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9 Top Tips for Social Media Customer Service Support

As a small business trying to stay on top in your industry and local market, being pro-active in your customer support is essential to keeping customers happy with their growing demands for instantaneous service. But, I know it’s hard to do. That’s why I’ve devised these 9 tips to help you give the best customer…

As a small business trying to stay on top in your industry and local market, being pro-active in your customer support is essential to keeping customers happy with their growing demands for instantaneous service. But, I know it’s hard to do. That’s why I’ve devised these 9 tips to help you give the best customer support possible through social media.

1. Make It Instant, Or At Least Self-Serve

People love fast. In fact, they hardly want to wait for anything these days and the world is only getting faster as automation and technology push everything forward. But, how do you give good service so quickly? Making your service as “instant” as possible can be done with a self-serve knowledge base that is friendly and easy to find for customers. With a Frequently Asked Questions page established, you will save time supporting customers since many of their questions can be found on your site already. Even if they ask a question that’s been answered in your FAQ, you can copy/paste the answer you’ve already made or link them to it, also gently letting them know that they can check your FAQ for similar questions and “instant answers” next time.

2. Be Quick!

When you do get messaged, have a schedule for checking your messages so you can respond as quickly as possible. You probably don’t have staff dedicated solely to answering messages, but you should have a dedicated alert set every time you get a message. If the alert goes off and you have a message to help a customer, get online right away and do just that – don’t keep them waiting.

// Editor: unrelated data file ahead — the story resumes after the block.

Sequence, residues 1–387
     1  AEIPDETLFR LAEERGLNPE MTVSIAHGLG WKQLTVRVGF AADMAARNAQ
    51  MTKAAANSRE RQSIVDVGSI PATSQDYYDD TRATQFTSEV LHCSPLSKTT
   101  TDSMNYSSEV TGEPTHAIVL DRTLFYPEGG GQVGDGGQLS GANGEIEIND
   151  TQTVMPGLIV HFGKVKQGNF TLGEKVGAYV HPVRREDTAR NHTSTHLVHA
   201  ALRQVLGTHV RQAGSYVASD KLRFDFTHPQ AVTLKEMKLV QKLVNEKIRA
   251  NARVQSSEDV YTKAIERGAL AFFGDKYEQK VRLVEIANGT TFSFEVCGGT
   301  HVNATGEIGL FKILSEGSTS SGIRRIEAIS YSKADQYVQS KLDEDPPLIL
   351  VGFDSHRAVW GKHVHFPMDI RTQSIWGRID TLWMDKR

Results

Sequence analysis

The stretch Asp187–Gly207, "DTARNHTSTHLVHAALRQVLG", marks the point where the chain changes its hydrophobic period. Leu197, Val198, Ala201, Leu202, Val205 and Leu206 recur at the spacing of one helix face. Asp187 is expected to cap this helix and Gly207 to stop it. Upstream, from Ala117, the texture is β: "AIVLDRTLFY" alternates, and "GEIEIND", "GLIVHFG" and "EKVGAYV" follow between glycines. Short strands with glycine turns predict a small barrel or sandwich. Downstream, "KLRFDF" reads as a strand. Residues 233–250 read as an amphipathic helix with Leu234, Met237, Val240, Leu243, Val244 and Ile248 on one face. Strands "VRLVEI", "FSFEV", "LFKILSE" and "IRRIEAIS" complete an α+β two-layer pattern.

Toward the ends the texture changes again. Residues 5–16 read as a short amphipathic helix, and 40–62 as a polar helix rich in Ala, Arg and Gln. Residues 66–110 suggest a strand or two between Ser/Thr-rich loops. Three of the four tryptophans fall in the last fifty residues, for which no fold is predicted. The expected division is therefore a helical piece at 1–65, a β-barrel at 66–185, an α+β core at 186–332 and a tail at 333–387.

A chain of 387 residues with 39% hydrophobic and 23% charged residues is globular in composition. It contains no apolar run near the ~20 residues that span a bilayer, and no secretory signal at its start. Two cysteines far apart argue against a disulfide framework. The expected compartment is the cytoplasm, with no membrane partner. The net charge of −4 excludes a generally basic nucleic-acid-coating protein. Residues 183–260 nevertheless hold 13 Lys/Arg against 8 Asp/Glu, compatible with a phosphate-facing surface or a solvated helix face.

3. Don’t Be Hard to Reach

No one wants to work with a company that’s hard to contact. Your social media accounts should be public and obvious. Your usernames should be consistent and instantly recognisable by your customers. For instance, your Twitter username should preferably be your company name, or a shortened version of it. If your company is named “YourCompany Ltd”, your usernames should be similar, for example, “YourCompany” or “YourCo”. Keep them easy to find and memorable for your customers’ sake, and consistent as possible across all your online presences. Your account image should also be your logo so customers are sure they’re talking to the right company.

4. Keep It Quick

I hope you love hearing from your customers, but both them and you have limited time and things to do. Keep your communication friendly, helpful, and quick. For example, if your customer asked a question but there are two possible answers and you don’t know which to give them because their message didn’t include one little detail (like product size), just give them both answers to save them a back-and-forth message asking for that detail. Check out this example: Maybe you sell two different sized camera lens attachments for phones. They’re enquiring about it to see if it will fit their phone. Rather than asking what kind of phone they have or which of the two sizes they’re looking at, save the back-and-forth and just explain the two different sizes and which phone models are compatible with each.